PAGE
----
Few mining machines in W.Va. have proximity detectors
CHARLESTON, W.Va. -- Only one out of every 25 machines used in underground coal mines across West Virginia is equipped with proximity detection systems that can help prevent some of the most common deaths and injuries in the mining industry.
Seventy-four pieces of underground mine equipment were reported to have these systems, the state Office of Miners' Health, Safety and Training found in an August survey.
That's about 4 percent of the 1,800 continuous mining machines, roof bolters, scoops, shuttle cars and other mobile equipment in use in West Virginia mines, according to the figures.
Proximity detection systems shut off fast-moving mobile equipment when miners get too close to it, preventing miners from being crushed or pinned by the equipment.
Eugene White, director of the mine safety office, said the numbers may have increased since his agency did its count in August, as mine operators anticipate the eventual finalization of a federal rule to require proximity devices.
"I would fully expect that number to be up," White said. "That number will go up."
In addition to the 74 pieces of equipment with proximity detectors, mine operators have installed blind-spot cameras on 86 pieces of underground equipment, according to the state survey.
Some industry officials have promoted cameras as an alternative to proximity detectors.
But in its proposals for nationwide rules, the U.S. Mine Safety and Health Administration would mandate the use of proximity detection systems, not cameras. The National Institute for Occupational Safety and Health has cautioned that cameras can be a challenge in underground mines because of "poor lighting, dust and the extreme difficulty in keeping the cameras clean." Also, proximity detectors shut off equipment automatically. With cameras, equipment operators still must see fellow workers on the screen and take action quickly enough to prevent a collision.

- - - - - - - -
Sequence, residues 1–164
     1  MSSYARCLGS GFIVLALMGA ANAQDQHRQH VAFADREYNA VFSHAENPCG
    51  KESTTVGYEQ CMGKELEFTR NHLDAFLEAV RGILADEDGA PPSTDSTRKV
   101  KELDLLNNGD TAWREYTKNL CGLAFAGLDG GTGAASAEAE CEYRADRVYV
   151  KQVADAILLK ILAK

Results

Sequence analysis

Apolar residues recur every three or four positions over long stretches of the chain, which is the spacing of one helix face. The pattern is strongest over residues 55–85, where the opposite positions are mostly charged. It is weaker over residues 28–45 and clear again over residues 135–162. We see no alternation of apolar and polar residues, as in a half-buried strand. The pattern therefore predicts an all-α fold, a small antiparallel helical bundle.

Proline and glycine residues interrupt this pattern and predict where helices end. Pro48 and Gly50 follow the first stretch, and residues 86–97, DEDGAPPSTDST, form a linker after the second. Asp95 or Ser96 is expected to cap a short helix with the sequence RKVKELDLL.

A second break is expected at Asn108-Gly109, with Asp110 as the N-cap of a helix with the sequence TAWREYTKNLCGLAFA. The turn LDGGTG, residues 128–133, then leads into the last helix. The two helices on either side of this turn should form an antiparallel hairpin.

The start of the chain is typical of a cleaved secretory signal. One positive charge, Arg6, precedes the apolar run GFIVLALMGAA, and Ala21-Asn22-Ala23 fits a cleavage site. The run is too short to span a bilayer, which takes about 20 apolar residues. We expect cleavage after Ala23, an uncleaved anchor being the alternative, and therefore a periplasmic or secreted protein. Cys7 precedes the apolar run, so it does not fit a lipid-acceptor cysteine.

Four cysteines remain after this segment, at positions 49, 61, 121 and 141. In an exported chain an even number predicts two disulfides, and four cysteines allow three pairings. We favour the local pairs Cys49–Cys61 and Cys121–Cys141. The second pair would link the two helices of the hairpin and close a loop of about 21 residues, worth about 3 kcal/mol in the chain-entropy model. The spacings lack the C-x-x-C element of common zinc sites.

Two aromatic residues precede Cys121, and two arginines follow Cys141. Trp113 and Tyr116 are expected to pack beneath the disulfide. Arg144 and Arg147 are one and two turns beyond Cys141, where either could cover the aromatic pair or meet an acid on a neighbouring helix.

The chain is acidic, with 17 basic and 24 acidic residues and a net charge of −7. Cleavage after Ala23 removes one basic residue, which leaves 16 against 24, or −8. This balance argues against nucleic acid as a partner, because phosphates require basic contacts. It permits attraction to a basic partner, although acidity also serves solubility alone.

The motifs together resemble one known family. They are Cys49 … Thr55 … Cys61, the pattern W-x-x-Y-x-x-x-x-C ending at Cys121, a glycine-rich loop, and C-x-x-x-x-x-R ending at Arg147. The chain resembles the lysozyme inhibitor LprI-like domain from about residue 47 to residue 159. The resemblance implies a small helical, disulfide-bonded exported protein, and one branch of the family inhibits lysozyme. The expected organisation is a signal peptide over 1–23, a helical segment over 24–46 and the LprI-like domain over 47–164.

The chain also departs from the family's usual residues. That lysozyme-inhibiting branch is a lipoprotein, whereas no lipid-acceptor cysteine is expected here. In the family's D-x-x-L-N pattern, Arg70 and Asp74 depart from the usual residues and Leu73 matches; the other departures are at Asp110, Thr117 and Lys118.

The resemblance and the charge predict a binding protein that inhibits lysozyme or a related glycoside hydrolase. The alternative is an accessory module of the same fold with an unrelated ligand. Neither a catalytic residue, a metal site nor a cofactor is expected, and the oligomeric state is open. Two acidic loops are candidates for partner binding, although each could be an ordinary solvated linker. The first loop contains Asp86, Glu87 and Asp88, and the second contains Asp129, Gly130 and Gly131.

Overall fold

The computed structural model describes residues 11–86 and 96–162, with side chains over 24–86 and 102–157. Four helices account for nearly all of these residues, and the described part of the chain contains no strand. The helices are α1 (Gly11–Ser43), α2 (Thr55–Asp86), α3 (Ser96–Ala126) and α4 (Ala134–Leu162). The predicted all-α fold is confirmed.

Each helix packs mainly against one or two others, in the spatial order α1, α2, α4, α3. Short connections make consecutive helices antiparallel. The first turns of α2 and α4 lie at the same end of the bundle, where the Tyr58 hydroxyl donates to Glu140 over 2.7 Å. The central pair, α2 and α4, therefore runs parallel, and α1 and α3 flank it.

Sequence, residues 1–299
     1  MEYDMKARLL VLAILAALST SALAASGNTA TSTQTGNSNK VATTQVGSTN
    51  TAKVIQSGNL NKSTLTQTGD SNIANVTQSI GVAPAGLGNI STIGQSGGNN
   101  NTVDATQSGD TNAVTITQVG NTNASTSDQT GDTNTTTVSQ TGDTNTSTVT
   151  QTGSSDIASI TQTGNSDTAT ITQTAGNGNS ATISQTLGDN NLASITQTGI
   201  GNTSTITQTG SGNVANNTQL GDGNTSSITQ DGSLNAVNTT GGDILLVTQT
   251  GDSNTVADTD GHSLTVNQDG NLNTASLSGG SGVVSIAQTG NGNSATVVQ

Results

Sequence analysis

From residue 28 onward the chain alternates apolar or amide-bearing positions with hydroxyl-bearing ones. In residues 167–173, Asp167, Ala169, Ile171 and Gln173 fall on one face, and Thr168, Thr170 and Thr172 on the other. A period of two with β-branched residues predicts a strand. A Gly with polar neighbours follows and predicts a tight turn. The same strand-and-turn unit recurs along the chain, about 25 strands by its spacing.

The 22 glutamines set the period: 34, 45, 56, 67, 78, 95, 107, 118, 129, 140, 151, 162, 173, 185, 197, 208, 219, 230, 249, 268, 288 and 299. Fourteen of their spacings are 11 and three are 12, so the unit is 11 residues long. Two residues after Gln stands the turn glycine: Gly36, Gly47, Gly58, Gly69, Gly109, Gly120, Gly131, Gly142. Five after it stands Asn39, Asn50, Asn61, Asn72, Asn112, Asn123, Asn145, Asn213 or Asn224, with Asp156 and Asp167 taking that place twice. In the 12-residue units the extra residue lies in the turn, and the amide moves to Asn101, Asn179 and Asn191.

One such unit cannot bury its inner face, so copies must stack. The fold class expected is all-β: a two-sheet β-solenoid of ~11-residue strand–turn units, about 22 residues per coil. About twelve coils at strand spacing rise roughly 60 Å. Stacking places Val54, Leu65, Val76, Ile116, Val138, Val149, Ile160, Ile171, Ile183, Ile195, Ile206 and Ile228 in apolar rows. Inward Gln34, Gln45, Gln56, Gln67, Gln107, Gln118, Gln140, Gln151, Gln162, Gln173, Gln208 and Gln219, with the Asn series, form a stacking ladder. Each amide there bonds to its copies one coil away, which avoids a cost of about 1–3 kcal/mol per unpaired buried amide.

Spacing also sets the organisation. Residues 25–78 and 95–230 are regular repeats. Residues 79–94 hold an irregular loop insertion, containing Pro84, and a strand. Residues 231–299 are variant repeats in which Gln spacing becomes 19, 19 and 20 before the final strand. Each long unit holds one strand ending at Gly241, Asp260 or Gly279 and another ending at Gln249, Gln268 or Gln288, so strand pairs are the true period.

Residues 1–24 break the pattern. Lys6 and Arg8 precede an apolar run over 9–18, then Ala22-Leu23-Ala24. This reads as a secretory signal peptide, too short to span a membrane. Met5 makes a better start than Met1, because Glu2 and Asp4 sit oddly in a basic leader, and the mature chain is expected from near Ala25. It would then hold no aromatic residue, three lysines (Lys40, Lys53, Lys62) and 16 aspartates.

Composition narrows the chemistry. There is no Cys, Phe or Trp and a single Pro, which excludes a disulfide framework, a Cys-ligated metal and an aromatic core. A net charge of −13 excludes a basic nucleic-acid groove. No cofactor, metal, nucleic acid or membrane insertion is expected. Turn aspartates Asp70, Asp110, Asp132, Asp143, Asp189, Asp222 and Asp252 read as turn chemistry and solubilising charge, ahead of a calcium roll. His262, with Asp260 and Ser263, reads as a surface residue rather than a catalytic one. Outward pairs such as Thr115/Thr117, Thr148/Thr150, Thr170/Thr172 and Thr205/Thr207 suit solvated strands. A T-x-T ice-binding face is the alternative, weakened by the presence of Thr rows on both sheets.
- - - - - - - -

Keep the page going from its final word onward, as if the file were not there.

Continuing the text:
Between 1984 and 2010, 30 miners died and 200 were injured nationwide when they became crushed, pinned or struck by continuous mining machines underground, according to the U.S. Mine Safety and Health Administration.
On the federal level, MSHA has been working on two rules to require proximity detection systems nationwide. One proposal, covering only continuous mining machines, is stuck inside MSHA. The other, addressing all other mobile underground equipment, has been pending at the White House Office of Management and Budget for more than two years.
In West Virginia, state mine safety officials at one point hoped to move to require proximity detection systems ahead of any federal mandate.
The state's Mine Safety Technology Task Force began studying the issue, in part based on a request from the West Virginia Coal Association, and planned to have a draft regulation ready by January 2009. And in September 2008, four top state mine inspectors drafted a memo recommending specific language that would have given mine operators a year to install the equipment.
But the effort stalled, and the task force voted in September to resurrect its proposal following a Gazette story in August that detailed the previous recommendations and noted the state had never moved forward.
Last month, industry members of the state Board of Coal Mine Health and Safety rejected the task force recommendation and blocked several similar proposals to move forward with a rule to require West Virginia mine operators to install proximity detection systems.
At that Oct. 3 meeting, White told board members that his agency's survey found that more than 150 pieces of equipment statewide had either proximity detection or cameras.
"There are a lot of companies acting on their own," White told the board. "This is a work in progress."
Board members did not ask White for a figure on the total number of machines in use, or inquire about what percentage of machines had either safety device. Last week, White provided those numbers in response to a request from the Gazette.
Reach Ken Ward Jr. at email@example.com or 304-348-1702.